How social media is helping us get dressed in the morning – SCREENSHOT Media

How social media is helping us get dressed in the morning

By Tahmina Begum

Updated May 18, 2020 at 01:58 PM

Reading time: 2 minutes

By now, we’ve all had that week during social distancing where our days have become blurred into one. We’ve neglected our recommended daily walk and forgotten to change out of our PJs.

Yet the minute we do wash our hair, choose what we’re going to wear and feel that fresh shirt over our heads, something in the air shifts. When asked on Instagram if getting dressed makes a difference to someone’s day while social distancing, 20 people responded with messages on how their productivity levels rise after getting ready for the day.

One response said that they associated loungewear with being lazy in front of the TV while another said it was a way to liven up social distancing as they were camouflaging their errands to their outfits such as wearing floral trousers calls for a spot of gardening.

Another even likened it to their depressive period when getting dressed differentiated their good days from the bad ones. Similar to how a bed can be a comfort for those going through mental health issues, getting dressed may sometimes be the difference in making a day manageable. It’s a way of saying to yourself: ‘Hey, I might not know how many more weeks we’ll be living like this but I got this today’.

Therefore, it’s no wonder that social media is helping many of us get dressed in the morning. Instagram accounts such as @WFHfits have become popular during the lockdown. A platform where you can send a photo of what you’re donning while on your 457th Zoom call has similar intent as the #goingnowherebutfuckitimgettingdressed hashtag that’s also trending.

The countless TikTok challenges have also been a major reason why many are chacha-ing while getting changed. From the Dripeesha challenge making the most of lockdown life to the Don’t Rush Challenge becoming a medium where women of colour especially can celebrate their different cultural garments. Many of us look like we’re getting ready for that wedding that’s been rescheduled until next year.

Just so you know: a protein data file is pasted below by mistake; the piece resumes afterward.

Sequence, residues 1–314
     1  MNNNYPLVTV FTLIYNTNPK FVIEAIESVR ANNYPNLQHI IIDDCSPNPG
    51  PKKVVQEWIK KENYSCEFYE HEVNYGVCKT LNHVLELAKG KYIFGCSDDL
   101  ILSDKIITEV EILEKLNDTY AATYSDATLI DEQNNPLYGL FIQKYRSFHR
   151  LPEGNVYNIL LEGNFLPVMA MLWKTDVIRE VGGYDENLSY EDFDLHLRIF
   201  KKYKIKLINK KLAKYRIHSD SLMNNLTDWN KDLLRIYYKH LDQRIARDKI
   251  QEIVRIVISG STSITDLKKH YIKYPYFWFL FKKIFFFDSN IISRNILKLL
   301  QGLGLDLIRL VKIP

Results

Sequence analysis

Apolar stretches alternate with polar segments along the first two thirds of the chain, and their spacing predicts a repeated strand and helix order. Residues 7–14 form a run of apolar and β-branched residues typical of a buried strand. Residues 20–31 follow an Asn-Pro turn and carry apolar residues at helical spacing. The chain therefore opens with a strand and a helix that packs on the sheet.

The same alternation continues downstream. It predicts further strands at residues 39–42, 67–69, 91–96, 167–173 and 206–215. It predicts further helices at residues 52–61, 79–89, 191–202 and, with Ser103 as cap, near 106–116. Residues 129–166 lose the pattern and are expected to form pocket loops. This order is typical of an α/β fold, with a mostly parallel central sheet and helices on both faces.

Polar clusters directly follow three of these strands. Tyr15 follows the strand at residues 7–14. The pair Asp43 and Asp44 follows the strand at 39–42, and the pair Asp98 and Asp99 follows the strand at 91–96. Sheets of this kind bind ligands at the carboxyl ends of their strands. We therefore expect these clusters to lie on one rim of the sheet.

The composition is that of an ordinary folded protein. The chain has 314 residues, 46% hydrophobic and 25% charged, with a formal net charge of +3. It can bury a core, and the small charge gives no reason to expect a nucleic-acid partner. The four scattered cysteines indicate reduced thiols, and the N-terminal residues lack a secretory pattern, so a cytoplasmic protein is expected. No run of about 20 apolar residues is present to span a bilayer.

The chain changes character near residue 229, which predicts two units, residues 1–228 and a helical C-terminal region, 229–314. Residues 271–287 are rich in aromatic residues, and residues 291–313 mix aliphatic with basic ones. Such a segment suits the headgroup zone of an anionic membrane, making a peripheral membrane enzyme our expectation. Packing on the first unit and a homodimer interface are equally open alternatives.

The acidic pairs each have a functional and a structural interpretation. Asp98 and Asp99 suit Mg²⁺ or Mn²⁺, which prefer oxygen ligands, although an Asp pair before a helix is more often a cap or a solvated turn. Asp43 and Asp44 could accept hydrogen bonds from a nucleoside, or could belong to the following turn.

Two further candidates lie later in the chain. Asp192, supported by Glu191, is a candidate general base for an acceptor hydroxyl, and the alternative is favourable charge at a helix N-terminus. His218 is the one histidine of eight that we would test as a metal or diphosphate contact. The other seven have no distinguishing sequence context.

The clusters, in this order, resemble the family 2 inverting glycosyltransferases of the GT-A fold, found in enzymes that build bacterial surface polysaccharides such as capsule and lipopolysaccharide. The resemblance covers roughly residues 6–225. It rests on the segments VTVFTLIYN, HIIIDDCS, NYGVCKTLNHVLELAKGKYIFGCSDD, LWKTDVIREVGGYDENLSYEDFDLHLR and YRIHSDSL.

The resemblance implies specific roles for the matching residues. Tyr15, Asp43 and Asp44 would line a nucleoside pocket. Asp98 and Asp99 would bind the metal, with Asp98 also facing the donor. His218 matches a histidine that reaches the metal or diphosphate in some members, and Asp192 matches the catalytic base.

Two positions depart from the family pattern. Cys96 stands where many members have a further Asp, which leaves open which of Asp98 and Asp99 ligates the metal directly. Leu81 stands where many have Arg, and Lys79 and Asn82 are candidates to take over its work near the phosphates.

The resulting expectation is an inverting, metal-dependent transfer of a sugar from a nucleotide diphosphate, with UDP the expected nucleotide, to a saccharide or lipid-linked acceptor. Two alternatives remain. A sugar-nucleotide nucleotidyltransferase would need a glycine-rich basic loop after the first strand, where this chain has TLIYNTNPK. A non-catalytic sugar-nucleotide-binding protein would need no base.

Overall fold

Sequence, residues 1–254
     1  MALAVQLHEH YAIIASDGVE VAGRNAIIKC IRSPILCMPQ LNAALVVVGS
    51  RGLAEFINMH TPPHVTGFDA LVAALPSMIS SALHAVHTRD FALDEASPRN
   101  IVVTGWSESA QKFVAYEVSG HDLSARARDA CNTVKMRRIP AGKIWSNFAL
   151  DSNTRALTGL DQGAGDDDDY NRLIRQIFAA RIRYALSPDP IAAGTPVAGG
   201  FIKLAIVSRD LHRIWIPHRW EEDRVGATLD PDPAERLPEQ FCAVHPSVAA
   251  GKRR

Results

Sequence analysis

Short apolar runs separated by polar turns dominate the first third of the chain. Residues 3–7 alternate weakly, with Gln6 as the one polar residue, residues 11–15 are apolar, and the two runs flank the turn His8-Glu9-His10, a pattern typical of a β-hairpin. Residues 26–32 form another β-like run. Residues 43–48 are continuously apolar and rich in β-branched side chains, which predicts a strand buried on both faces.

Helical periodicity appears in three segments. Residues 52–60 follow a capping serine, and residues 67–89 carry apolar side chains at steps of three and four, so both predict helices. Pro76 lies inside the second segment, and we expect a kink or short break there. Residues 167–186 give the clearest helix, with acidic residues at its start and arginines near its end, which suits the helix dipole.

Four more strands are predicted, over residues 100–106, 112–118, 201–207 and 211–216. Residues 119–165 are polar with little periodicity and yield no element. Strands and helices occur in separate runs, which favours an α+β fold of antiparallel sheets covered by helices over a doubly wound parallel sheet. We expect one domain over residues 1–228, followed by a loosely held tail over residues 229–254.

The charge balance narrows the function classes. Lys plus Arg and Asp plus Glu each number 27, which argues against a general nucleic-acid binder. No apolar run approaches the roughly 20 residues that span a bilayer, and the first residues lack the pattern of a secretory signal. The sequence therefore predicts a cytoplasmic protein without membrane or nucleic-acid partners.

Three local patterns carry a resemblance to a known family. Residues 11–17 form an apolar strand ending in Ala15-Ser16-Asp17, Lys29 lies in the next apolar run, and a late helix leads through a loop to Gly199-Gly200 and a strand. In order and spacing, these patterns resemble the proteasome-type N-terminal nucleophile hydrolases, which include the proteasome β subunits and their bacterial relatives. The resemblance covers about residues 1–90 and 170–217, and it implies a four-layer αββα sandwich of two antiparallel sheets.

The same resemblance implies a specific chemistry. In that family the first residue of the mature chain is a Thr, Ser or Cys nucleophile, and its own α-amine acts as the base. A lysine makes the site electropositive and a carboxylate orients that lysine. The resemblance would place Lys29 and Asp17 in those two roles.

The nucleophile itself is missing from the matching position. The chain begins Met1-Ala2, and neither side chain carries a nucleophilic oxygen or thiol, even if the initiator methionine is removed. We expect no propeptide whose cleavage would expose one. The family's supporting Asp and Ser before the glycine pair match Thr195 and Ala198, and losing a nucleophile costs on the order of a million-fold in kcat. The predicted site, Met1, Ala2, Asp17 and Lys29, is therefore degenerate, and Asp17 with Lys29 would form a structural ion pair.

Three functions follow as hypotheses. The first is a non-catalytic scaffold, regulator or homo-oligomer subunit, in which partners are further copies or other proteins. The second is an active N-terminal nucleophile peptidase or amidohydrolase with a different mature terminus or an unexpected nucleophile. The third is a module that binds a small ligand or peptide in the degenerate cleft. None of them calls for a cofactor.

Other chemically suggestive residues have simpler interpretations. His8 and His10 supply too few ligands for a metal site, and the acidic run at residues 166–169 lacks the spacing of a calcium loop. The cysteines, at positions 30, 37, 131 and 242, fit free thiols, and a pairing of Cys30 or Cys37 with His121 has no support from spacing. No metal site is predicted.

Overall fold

For Zeena Shah, a content creator, art director and stylist, it’s getting dressed for the day that gives her day a sense of normalcy. A sense of calm during the storm. “Staying in my pyjamas all day is extremely comforting but tends to reduce my productivity somewhat and get into weekend mode with Netflix on repeat!

Shah added: “To stay motivated and help spread some positivity through colour, my friend Natalie Wall and I created the #instarainbowchallenge. According to which day of the week it is, we wear a different colour together. The colourful daily prompt gives us a sense of community and the effect colour can have on your mood is simply incredible and exactly what’s needed right now.”

On the other hand, it can be easy to compare yourself to those on the internet who are able to get dressed in the morning. Those who have Instagramable backdrops, whose every inch of their home looks like an Architectural Digest spread and their hair isn’t even in need of a cut and blow-dry yet. All while feeling like changing out of your nightie would be a feat.